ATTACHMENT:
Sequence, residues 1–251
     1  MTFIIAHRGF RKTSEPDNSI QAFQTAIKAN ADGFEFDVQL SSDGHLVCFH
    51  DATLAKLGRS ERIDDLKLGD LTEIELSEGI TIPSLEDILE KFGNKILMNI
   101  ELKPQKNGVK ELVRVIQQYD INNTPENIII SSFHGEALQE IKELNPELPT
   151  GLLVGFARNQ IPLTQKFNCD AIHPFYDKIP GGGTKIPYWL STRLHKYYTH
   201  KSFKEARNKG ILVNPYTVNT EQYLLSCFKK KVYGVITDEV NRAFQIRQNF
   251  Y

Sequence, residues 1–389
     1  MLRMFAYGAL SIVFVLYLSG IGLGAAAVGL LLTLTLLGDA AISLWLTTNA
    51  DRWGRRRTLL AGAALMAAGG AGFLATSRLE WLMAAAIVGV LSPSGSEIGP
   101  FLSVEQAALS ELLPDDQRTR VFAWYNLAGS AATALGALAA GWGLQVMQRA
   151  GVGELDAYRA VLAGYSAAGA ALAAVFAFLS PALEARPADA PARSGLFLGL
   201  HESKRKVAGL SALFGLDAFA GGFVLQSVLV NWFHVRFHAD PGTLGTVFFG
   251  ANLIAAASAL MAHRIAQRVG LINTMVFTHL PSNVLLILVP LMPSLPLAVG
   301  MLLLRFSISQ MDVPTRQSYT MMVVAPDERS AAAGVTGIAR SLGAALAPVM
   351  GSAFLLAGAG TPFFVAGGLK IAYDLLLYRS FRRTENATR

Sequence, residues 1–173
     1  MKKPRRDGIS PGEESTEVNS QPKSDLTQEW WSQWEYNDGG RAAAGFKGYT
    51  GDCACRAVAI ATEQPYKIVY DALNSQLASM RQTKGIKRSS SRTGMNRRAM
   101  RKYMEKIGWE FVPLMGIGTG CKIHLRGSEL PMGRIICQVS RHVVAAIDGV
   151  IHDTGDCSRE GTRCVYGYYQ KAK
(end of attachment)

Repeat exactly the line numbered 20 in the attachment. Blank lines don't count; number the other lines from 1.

   101  RKYMEKIGWE FVPLMGIGTG CKIHLRGSEL PMGRIICQVS RHVVAAIDGV